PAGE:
Cosmetics International recently ran an article about Aroma Works, a new cosmetics and beverage brand amalgamation. The Coca-Cola Company (Japan) and Shiseido (the Japanese luxury cosmetic giant) have joined forces to develop a new line of products for the diet market based on the concept of slimming through aroma. The first product to launch, Body Stylist Mist, is a body care lotion developed by Shiseido using Body Style Water a new diet water formulated by Coca Cola which is claimed "to leave the skin feeling firm and refreshed." This got me thinking. In terms of East and West, we traditionally look to Japan and the Far East for unexpected product innovations and, more seriously, as the global leaders in technology and mobile communications. Similarly, the Western world and, most notably, the US, are seen as the standard bearer for beverage innovation. But is the balance shifting? If the world's market place is changing so significantly what can we expect to see next? Will we see more cross-fertilization between the East and West? Or, indeed, could the East now be starting to take the lead in beverage product and marketing innovation?
The Eastern focus on diet and lifestyle, for instance, is crossing over into the beverage sector. We already know that China has the second-largest beer market by volume and, in a strategic move to further capitalize on health and wellness, San Miguel is teaming up with Berri, the leading imported juice in Southeast Asia, to produce a healthier beer, part beer, part natural juice.
Riding high on the back of the low-carb epidemic is the craving for sweetness and, in particular, the craze for fruit flavors. The beverage shelves are coming alive with color, from herbal teas, such as Moby's new Teany Teas and Diet Peach Leaf Tea, to radical new spirit launches. Naturally sweet flavors are without a doubt the most powerful beverage marketing tools of the moment on a global basis. Historically, the East and West sweetness palate has differed greatly with the West preferring dairy and creamy tastes and the East favoring, for example, red bean or green tea. On a recent trip to China, I noticed that the most popular cocktail in China is currently Chivas Regal with green tea. The Chinese consumer is recognizing that whisky is an aspirational drink but only can stomach it with the addition of sweetness. With more and more Westerners eschewing dairy, and with our continual thirst for new taste sensations, there is surely every possibility that Westerners may start to try and adopt Eastern sweetness choices.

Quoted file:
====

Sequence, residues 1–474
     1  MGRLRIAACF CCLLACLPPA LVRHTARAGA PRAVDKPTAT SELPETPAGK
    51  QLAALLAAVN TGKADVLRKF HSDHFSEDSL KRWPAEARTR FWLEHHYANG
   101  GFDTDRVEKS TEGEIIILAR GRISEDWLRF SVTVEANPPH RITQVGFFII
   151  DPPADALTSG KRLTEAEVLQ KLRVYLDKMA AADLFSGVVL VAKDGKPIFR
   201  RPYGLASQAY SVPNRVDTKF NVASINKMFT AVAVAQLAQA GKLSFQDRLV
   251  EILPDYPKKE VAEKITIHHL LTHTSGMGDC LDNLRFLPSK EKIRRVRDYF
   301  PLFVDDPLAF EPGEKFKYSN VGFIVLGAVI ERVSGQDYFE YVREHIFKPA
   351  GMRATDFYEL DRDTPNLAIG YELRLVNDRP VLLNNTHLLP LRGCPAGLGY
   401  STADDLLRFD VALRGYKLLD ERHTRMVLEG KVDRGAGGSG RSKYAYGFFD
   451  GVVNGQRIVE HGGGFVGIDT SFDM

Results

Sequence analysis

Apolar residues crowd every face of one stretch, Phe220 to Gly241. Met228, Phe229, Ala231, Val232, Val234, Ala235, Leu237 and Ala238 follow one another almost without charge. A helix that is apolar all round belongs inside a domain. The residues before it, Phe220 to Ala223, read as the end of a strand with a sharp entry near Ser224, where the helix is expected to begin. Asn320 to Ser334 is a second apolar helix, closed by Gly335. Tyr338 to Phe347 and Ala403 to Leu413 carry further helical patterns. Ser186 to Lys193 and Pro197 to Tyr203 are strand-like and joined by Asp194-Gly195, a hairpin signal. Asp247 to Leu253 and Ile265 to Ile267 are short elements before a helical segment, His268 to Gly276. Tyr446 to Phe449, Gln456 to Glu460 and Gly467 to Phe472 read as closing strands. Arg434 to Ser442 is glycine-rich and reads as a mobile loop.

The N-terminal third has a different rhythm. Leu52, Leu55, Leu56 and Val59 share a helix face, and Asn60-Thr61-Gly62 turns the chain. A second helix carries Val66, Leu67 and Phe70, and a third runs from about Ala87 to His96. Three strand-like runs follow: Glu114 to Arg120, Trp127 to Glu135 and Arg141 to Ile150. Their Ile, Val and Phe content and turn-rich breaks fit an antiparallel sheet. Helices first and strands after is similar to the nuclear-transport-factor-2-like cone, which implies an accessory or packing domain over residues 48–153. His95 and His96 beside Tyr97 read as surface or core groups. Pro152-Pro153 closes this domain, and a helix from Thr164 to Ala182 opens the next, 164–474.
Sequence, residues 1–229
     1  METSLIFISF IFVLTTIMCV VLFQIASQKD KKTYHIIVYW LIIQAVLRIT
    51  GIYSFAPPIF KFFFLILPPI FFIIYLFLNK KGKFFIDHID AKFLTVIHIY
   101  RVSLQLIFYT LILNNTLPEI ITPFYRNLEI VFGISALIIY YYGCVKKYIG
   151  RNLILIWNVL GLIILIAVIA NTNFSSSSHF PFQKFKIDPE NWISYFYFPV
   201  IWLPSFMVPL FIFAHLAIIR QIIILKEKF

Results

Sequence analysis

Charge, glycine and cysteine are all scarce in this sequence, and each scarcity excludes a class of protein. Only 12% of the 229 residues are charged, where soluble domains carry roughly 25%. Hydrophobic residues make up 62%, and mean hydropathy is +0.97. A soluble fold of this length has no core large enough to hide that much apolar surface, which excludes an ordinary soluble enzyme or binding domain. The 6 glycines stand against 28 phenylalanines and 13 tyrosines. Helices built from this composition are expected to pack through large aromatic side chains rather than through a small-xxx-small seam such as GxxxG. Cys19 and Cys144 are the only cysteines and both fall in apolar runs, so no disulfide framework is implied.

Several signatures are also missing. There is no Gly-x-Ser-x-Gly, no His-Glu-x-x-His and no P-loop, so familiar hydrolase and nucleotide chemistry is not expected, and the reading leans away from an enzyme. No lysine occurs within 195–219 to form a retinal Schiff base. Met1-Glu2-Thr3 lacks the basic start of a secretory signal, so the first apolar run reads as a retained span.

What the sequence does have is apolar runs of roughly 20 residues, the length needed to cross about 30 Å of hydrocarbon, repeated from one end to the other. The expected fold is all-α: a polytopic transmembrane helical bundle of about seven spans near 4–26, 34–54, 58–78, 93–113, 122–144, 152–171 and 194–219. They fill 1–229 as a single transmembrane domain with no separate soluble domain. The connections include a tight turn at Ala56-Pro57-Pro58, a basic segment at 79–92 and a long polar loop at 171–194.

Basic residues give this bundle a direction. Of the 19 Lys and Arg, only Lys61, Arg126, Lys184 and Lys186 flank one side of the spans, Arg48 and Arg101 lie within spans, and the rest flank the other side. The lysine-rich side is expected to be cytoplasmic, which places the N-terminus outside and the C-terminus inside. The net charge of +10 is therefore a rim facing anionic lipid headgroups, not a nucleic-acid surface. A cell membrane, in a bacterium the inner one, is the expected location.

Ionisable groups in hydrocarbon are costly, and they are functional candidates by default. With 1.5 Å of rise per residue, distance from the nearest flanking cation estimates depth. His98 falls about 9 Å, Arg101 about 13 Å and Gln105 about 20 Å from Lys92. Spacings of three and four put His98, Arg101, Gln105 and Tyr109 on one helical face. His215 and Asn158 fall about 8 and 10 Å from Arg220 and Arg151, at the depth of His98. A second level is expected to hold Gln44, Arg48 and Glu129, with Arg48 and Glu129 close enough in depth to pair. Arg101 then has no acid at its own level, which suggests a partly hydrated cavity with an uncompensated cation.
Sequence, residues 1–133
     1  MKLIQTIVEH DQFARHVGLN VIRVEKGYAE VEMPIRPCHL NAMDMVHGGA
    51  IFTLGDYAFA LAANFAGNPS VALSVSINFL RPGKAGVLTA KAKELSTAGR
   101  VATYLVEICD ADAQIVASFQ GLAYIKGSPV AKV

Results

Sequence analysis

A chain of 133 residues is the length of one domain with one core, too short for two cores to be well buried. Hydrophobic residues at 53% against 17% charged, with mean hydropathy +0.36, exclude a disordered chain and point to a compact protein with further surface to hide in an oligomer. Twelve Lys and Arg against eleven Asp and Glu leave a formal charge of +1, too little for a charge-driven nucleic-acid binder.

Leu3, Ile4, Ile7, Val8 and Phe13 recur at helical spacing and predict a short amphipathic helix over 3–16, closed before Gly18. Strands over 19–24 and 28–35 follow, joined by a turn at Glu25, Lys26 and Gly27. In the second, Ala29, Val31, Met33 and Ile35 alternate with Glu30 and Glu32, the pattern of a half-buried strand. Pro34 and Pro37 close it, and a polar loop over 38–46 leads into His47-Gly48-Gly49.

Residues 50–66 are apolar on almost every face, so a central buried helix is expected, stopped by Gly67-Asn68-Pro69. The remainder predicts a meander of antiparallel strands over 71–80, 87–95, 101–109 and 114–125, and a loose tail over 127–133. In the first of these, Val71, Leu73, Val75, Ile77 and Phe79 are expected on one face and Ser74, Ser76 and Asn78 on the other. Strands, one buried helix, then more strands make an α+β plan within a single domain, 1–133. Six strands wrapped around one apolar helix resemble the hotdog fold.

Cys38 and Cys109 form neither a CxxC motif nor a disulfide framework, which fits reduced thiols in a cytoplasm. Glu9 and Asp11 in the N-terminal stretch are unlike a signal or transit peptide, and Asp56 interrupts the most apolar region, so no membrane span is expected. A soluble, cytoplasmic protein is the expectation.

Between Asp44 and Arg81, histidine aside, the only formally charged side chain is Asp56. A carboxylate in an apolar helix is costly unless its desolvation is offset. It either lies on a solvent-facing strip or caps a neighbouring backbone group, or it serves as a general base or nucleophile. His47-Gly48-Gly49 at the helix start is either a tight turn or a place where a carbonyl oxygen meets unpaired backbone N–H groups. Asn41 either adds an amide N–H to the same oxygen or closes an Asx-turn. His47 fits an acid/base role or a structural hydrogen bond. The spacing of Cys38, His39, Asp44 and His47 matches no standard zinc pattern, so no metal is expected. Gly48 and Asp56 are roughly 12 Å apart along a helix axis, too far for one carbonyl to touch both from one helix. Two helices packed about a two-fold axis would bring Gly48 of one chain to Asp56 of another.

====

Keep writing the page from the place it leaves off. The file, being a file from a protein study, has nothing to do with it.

As a rule, we do not generally associate sophisticated cocktail mixology with the Far East but taste and consumer motivation is changing as much (if not more) in the Far East as in the US. For example, Shochu is the new sake among Tokyo trendsetters. Just as Pabst Blue Ribbon, and other such classic and inexpensive beers, have acquired "cool" cred in the US, Shochu, which was originally considered to be a cheap drink for the labor class, is now attracting a more style-conscious crowd who are drawn to it for its kitsch factor. Distributors have catered to the new emerging market by both improving the taste and creating a fashionable bottle. Its popularity has grown so much in such a short space of time that trendy bars in Tokyo are specializing in Shochu and there is already an established Shochu cocktail: the Tokyo Spirit (one part Shochu, two parts tonic). Could this Japanese spirit start to make a dent in the US bar scene?
Of course, we only have taken a snapshot selection of some key directional influences in the beverage sector but it would seem that we in the West no longer can rest on our laurels. Marketers in the West no longer can presume that the East will take trends from us but, instead, they need to recognize and utilize the growth of the Asian influence.
If we were to share our top tips with you for macro trends in development, we would ask you to put these three words at the heart of all your planning: home, nostalgia and secrecy. We increasingly are focusing our drinking activity in the home with wine parties, tasting clubs and themed evenings. We are reviving a sense of intimacy and occasion. Of course, if we look at the annals of history, the Japanese were already there. Perhaps we will see a resurgence of the Japanese Tea Ceremony?
We believe that the real challenge to brands, or to brave brands willing to embrace the risk, will be to interpret these macro trends from both an Eastern and a Western perspective. Remember, brave brands become leaders not followers.
Jonathan Ford is founder and Creative Partner of Pearlfisher, an independent and future-focused design consultancy, London and New York. email@example.com www.pearlfisher.com
Ford, Jonathan. "East vs. West: who leads? Who follows?" Beverage World 123.11 (2004): 44. InfoTrac Vocation, Careers & Technical Education eCollection. Web. 31 Oct. 2009.
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